It’s an old management truism that says you can’t manage what you can’t measure. Certainly if companies hope to manage their impact on the planet, then they’d best start measuring it. Novo Nordisk, the Danish pharmaceutical giant that was named the world’s most sustainable company in Davos 2012, just announced another step in that direction, by publishing their first Environmental Profit & Loss (EP&L) account. This, for a company that has steadily been reducing their carbon footprint and water use, and who’s CEO pay is already tied to sustainability indicators, further integrates sustainability into its core business practice.
Novo Nordisk, best known as suppliers of insulin, is the first pharmaceutical company to do this, the second major corporation, after Puma to take the step. Both companies worked with natural capital analyst Trucost to develop their EP&L accounting process.
What this means, in a nutshell, is that environmental impact, as defined by the process, will have equal footing with other business concerns, as a criteria for driving business decisions. It will help each company to focus their efforts on the biggest supply chain and operational risks and opportunities associated with environmental issues.
What the new accounting process found, when applied to the 2011 fiscal year, was that the total environmental impacts of Novo Nordisk’s business were valued at just over $300 million. Most of these impacts came from supply chain operations, particularly those responsible for growing corn to make glucose, the primary ingredient in insulin. Internal operations were responsible for roughly $40 million.
Susanne Stormer, Novo Nordisk’s vice president for corporate sustainability said: “We have learned a lot from calculating the EP&L for Novo Nordisk. It has given the organisation valuable insights into the value of the externalities related to purchases in our supply chain and use at our production sites. We look forward to the continued deliberation on how the EP&L methodology can be used to inform decision-making.”
The company’s sustainability policy has long been triple-bottom-line-oriented, balancing social responsibility, financial responsibility and environmental responsibility with each other.
Commenting on their 2011 Annual Report, the website states, “Our annual reporting includes both non-financial and financial statements which provide detail on our efforts to have a net positive impact on society by reducing environmental impacts, increasing quality of life through better healthcare treatment, as well as providing an attractive return on investment for shareholders.”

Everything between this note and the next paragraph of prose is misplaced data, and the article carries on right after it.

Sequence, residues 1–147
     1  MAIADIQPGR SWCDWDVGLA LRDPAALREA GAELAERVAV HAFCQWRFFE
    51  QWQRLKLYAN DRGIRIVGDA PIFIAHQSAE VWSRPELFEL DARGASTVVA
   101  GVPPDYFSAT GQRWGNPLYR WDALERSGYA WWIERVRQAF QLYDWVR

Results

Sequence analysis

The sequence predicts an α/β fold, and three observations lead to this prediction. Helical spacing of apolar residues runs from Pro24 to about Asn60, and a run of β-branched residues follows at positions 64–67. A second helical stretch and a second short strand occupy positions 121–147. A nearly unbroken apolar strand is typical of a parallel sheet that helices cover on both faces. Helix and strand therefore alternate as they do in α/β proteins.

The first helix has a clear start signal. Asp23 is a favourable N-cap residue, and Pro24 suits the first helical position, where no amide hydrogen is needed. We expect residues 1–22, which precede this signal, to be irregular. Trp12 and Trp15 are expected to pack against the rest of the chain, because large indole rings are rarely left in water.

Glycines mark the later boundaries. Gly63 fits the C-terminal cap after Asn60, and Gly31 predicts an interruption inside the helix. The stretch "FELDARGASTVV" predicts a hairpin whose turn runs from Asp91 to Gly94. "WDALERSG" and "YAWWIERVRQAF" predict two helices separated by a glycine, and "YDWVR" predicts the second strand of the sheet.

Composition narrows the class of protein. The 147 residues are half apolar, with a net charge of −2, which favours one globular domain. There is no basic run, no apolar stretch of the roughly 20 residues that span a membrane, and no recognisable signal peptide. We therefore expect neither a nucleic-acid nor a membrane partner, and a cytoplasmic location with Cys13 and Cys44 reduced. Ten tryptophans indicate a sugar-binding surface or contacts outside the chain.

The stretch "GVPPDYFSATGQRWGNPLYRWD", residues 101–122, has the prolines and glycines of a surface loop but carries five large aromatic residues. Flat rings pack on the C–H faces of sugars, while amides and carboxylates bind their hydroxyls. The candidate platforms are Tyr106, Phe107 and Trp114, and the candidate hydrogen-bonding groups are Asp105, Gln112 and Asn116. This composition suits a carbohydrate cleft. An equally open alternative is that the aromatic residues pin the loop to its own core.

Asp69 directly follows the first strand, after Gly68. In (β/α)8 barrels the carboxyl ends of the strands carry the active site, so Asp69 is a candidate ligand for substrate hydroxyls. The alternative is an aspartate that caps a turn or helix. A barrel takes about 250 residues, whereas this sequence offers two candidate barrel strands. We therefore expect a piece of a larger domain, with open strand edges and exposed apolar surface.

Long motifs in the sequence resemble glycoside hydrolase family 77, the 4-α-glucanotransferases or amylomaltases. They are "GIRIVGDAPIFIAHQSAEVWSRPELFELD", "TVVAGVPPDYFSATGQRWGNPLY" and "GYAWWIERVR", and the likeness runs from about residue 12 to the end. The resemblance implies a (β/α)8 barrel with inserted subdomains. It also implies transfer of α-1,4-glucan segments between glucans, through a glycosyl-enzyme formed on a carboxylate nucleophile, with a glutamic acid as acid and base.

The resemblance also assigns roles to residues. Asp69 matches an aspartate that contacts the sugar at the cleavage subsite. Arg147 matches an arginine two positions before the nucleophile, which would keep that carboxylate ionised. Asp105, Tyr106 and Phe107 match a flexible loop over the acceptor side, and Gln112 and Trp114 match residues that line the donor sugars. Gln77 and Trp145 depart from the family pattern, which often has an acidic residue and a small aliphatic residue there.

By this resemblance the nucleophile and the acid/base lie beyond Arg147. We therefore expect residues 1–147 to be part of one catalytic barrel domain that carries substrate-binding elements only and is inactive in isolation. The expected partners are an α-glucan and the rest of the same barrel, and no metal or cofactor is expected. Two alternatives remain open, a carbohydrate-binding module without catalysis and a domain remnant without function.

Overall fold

By converting various environmental metrics, says Trucost, such as land use, which is generally measured in hectares (or acres), water use in cubic meters (or feet) and carbon emissions in tonnes (or tons), all into monetary terms, you now have “an overarching metric to assess risk and opportunity across operations, products and supply chains.”
Trucost calls it, “a proxy for nature’s invoice.”
Puma has the following to say about their use of EP&L:
“While our corporate EP&L provided us with a strategic tool to measure and better manage environmental impacts across our operations and supply chain, and up to the point when our products are sold, the extension of our product EP&L analysis takes it one step further. It assesses the environmental impacts of a product at each stage of the product life cycle – from the generation of raw materials and production processes, all the way to the consumer phase.”
According to Richard Mattison, Trucost’s CEO, “Novo Nordisk has shown that companies increasingly understand that creating long-term financial value depends on conserving and enhancing natural capital. Incorporating an EP&L into financial accounting provides a clear view of environmental risks and opportunities in a way that everyone in a company, from board members and financial managers to supply chain managers and product decision makers, can understand and act on.”
RP Siegel, PE, is an inventor, consultant and author. He co-wrote the eco-thriller Vapor Trails, the first in a series covering the human side of various sustainability issues including energy, food, and water in an exciting and entertaining format. Now available on Kindle.
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